Sheryl St. Germain
A native of New Orleans, Sheryl has taught at The University of Texas at Dallas, The University of Louisiana at Lafayette, Knox College, Iowa State University, and Chatham University, where she served as Director of the MFA in Creative Writing for 14 years. She is the co-founder and former Director of the Words Without Walls Program, which for over ten years trained graduate students to teach creative writing in prisons, jails and rehabilitation centers. Her work has received several awards, including two NEA Fellowships, an NEH Fellowship, the Dobie-Paisano Fellowship, the Ki Davis Award from the Aspen Writers Foundation, and the William Faulkner Award for the personal essay.
Sheryl’s poetry books include The Small Door of Your Death, Let it Be a Dark Roux: New and Selected Poems (both from Autumn House Press), Making Bread at Midnight, (Slough Press), and How Heavy the Breath of God and The Journals of Scheherazade (both from University of North Texas Press). She has published three chapbooks of her own poetry: Going Home (Perivale), The Mask of Medusa (Cross Cultural Communications), and a chapbook of translations of the Cajun poet Jean Arceneaux, Je Suis Cadien (Cross Cultural Communications). She has also published three memoirs, Fifty Miles (Etruscan Press), Swamp Songs: the Making of an Unruly Woman (University of Utah Press), and Navigating Disaster: Sixteen Essays of Love and a Poem of Despair (Louisiana Literature Press). She co-edited, with Margaret Whitford, Between Song and Story: Essays for the 21st Century (Autumn House Press), and with Sarah Shotland she co-edited Words Without Walls: Writers on Addiction, Violence and Incarceration, (Trinity University Press).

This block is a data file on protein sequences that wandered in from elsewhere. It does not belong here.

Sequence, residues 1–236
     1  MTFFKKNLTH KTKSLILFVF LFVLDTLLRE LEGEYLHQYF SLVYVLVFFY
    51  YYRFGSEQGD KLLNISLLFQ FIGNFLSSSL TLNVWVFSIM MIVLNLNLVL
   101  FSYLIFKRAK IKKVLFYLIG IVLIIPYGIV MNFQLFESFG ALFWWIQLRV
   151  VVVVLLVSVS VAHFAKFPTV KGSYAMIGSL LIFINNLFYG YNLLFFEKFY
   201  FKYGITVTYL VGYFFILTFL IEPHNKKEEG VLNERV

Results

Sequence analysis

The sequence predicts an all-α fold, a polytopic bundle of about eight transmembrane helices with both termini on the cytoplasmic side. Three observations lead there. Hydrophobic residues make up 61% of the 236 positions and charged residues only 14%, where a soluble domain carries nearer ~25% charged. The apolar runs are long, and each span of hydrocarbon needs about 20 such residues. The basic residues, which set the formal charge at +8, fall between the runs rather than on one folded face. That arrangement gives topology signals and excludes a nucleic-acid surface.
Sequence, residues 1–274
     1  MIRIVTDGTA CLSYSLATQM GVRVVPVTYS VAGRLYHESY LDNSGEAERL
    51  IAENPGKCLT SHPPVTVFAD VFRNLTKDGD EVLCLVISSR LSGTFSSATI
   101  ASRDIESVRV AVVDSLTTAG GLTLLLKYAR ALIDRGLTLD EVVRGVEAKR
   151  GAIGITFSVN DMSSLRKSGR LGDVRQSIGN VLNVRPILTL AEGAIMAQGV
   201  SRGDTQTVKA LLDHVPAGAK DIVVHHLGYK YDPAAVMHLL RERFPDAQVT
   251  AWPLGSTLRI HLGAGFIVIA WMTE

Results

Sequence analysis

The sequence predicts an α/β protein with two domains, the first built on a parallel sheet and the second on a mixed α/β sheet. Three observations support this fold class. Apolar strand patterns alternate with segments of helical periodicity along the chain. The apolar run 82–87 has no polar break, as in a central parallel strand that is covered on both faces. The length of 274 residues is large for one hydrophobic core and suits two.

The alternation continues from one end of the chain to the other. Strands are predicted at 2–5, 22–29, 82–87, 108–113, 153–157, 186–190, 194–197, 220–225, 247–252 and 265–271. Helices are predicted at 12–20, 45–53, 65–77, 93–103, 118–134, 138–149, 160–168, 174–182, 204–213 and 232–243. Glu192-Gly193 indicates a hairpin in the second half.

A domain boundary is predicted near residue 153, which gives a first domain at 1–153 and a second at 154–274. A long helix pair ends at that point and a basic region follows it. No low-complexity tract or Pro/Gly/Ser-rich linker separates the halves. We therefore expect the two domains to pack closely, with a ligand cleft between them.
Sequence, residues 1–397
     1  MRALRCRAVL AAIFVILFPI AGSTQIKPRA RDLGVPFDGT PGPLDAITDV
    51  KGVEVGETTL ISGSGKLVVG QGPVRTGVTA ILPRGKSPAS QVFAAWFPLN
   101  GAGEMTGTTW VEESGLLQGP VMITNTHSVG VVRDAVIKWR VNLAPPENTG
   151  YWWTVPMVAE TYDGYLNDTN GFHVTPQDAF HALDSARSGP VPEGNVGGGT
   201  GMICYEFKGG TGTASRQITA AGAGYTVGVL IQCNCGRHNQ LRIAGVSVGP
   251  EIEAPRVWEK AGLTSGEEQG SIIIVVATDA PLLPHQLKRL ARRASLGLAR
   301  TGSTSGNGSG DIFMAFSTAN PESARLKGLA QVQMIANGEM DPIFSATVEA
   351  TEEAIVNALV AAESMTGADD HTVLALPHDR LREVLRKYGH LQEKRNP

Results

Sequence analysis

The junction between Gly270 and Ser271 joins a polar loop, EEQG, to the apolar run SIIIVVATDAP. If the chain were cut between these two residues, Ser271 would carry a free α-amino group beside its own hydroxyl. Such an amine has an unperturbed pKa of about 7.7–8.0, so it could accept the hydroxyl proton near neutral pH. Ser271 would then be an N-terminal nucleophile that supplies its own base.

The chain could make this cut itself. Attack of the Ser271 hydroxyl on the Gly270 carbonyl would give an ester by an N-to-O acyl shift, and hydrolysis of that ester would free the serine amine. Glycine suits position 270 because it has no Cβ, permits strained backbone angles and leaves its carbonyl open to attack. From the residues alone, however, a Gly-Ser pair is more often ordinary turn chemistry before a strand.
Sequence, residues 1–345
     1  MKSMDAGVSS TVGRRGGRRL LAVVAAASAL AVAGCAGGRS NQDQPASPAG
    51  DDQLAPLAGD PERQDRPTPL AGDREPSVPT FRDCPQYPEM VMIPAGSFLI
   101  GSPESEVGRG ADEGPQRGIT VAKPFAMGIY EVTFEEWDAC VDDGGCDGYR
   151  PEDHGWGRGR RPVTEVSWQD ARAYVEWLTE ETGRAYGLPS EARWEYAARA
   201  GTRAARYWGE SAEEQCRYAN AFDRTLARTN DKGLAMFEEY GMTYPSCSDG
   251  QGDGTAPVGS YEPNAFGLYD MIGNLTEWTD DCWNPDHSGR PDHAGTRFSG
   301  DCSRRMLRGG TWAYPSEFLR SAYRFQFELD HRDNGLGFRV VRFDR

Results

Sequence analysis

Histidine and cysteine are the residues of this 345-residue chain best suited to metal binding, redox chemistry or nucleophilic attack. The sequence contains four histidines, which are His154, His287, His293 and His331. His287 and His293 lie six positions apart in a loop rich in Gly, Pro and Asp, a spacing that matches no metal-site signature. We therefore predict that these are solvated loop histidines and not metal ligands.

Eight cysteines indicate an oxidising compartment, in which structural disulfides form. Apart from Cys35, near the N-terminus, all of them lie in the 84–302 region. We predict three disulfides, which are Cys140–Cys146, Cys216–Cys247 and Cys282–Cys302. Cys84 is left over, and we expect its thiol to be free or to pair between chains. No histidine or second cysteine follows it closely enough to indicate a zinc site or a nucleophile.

She was named Louisiana Writer of the Year in November 2018.